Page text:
Engineering Management Careers

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Essential Career Information

2018 Median Pay $140,760 per year / $67.67 per hour
Number of Jobs, 2018 192,500
2018, wage of lowest 10 percent $89,620
Employment Change, 2018-28 +5,400
2018, wage of the highest 10 percent $208,000
Job Outlook, 2018-28 3% (Slower than average)
Typical Entry-Level Education Bachelor's degree

Source: BLS

Alternate Job Titles


What Is Engineering Management?

Engineering managers oversee projects and operations within an engineering company. These professionals must possess a keen understanding of quality assurance, manufacturing, testing, and maintenance. They also need broad project management skills in budgeting, problem-solving, and human resources.

Engineering managers may begin their careers as engineers, accumulating experience before advancing to management positions. The Bureau of Labor Statistics projects that experienced engineering managers with technical expertise and advanced communication skills have the greatest job opportunities, with the majority of jobs in the manufacturing sector.

Frequently Asked Questions


What jobs can you get with an engineering management degree?

Jobs with an engineering management degree include engineering project manager, construction management engineer, cost systems analyst, industrial management engineer, and senior lead analyst.

Is engineering management a good degree?

Earning a bachelor's degree in engineering management can lead to a variety of lucrative entry-level career options, with advancement commensurate to a higher degree and experience.

What does an engineering manager do?

Engineering managers plan and organize production, operations, and maintenance activities for engineering projects and perform administrative, technical, and supervisory tasks.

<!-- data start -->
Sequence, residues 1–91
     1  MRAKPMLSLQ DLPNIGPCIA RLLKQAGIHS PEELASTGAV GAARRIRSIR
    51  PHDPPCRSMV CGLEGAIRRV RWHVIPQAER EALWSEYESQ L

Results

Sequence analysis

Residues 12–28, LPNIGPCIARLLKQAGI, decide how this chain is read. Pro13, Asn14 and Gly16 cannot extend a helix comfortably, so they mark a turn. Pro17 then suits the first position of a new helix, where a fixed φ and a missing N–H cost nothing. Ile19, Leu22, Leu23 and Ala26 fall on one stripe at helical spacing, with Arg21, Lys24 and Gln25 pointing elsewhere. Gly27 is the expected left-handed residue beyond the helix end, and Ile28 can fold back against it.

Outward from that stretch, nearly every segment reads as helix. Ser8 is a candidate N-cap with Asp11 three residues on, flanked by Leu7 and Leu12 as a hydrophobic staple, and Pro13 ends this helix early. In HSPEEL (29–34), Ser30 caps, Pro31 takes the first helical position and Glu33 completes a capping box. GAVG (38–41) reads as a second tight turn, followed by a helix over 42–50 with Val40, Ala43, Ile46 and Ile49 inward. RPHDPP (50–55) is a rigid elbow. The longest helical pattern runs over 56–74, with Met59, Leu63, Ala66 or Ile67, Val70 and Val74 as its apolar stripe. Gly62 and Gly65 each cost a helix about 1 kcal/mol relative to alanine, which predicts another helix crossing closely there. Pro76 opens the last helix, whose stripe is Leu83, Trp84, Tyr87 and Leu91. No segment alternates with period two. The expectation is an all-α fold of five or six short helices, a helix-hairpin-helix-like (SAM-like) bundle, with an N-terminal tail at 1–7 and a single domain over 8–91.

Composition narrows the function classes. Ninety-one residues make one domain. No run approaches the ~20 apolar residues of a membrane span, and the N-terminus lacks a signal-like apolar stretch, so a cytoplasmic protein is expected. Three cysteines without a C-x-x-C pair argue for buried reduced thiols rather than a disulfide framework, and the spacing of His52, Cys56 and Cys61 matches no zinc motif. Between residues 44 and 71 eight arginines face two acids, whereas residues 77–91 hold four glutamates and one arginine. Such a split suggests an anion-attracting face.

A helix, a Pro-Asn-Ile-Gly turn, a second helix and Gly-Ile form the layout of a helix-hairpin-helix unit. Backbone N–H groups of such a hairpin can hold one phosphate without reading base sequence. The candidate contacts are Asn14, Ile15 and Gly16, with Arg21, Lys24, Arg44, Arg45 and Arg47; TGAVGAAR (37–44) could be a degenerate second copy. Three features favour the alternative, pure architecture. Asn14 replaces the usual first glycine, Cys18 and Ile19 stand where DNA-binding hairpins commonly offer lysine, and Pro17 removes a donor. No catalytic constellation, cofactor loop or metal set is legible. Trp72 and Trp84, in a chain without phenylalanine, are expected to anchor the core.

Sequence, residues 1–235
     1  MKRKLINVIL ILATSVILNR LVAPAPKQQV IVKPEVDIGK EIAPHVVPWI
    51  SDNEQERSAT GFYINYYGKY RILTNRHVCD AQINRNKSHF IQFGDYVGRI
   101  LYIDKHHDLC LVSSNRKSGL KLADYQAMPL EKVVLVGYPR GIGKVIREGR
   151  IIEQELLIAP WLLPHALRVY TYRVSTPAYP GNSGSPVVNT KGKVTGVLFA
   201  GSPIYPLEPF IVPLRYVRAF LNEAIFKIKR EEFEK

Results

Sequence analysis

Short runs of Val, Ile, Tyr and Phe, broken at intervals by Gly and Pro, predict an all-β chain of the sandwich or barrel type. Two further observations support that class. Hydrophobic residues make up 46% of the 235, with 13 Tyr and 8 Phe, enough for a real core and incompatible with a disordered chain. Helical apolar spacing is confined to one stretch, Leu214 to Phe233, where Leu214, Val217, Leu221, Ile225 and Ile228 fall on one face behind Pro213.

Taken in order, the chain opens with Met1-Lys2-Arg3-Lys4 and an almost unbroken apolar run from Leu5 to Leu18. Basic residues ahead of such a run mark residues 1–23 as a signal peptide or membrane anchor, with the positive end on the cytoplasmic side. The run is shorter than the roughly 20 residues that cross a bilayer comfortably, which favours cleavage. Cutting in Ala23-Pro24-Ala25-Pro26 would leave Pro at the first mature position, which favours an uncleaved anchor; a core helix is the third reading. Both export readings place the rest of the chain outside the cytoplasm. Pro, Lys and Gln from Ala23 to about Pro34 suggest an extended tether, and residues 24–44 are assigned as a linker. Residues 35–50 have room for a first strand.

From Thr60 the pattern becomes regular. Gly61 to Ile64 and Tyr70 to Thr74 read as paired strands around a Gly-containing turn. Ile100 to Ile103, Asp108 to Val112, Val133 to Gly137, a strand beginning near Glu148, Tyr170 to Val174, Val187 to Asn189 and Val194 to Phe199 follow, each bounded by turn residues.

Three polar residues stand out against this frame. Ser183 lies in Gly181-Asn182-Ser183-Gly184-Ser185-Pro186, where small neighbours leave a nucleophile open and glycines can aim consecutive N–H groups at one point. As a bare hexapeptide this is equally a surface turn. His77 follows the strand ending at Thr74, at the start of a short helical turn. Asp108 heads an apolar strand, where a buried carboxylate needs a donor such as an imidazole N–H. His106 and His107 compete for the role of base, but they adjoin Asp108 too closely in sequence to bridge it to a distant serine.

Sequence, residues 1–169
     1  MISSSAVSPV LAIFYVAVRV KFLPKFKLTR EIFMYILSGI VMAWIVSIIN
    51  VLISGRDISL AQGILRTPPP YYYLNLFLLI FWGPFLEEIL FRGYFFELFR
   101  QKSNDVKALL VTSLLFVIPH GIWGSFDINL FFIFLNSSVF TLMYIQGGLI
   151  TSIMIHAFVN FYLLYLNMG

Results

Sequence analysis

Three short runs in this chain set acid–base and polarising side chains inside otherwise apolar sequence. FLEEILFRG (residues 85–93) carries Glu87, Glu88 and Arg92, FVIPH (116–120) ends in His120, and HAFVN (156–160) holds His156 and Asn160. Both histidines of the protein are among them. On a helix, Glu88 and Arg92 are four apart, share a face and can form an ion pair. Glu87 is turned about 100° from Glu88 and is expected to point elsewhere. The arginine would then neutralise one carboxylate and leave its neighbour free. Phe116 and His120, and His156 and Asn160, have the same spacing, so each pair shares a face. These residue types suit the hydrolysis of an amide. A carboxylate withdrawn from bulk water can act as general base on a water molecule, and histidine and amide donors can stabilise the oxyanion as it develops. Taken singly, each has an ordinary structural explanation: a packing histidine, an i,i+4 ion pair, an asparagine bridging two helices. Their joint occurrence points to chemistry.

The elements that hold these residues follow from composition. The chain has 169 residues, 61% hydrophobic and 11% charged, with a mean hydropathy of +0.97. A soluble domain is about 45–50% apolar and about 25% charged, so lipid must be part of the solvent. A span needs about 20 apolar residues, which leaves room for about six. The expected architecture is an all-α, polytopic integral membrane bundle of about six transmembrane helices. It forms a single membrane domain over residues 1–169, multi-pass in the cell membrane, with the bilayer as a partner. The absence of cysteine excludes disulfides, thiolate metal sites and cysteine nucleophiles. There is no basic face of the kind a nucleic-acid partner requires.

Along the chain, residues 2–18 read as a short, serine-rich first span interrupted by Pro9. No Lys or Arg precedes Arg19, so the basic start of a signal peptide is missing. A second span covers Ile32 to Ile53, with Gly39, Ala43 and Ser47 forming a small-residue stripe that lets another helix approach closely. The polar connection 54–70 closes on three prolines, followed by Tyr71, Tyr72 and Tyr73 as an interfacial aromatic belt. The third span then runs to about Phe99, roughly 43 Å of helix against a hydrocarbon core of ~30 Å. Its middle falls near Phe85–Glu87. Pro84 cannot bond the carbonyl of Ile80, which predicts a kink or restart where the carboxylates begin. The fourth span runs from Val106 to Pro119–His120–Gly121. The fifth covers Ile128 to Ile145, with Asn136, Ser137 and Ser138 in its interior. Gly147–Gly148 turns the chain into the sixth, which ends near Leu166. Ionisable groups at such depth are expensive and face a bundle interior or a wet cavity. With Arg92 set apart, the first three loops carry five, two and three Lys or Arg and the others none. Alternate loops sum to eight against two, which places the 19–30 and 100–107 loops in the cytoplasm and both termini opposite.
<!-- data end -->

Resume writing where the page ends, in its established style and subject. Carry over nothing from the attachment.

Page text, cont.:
How much does an engineering manager make a year?

Engineering managers earn an annual average salary of $140,760, with the top earners employed in scientific research and development services.

What Does an Engineering Manager Do?

Most engineering managers work from an office, though some work at construction sites and in research laboratories and industrial plants. The largest percentage of engineering managers work in the manufacturing sector, followed by engineering and related services. A select number of engineering managers work in government, scientific research, and management companies.

Engineering managers oversee the design, development, and manufacturing of products like cars and technological devices. These professionals regularly work with finance, marketing, and production managers, as well as contractors and suppliers, and help direct each step of the engineering process.

Engineering managers need accounting, quality control, economics, and industrial management expertise. Candidates must obtain state-issued licensure through the National Council for Examiners of Engineering and Surveying (NCEES). They may also pursue voluntary certifications through the American Society for Engineering Management (ASEM) or Society of Manufacturing Engineers (SEM).

Become an Engineering Manager

Engineering managers need a license and at least a bachelor's degree and professional experience to practice. Prospective engineering managers with a bachelor's degree may work as engineers or gain experience as interns or associates before applying for an engineering management job. Employers may prefer applicants with a master's degree in engineering management or an MBA with an engineering management concentration.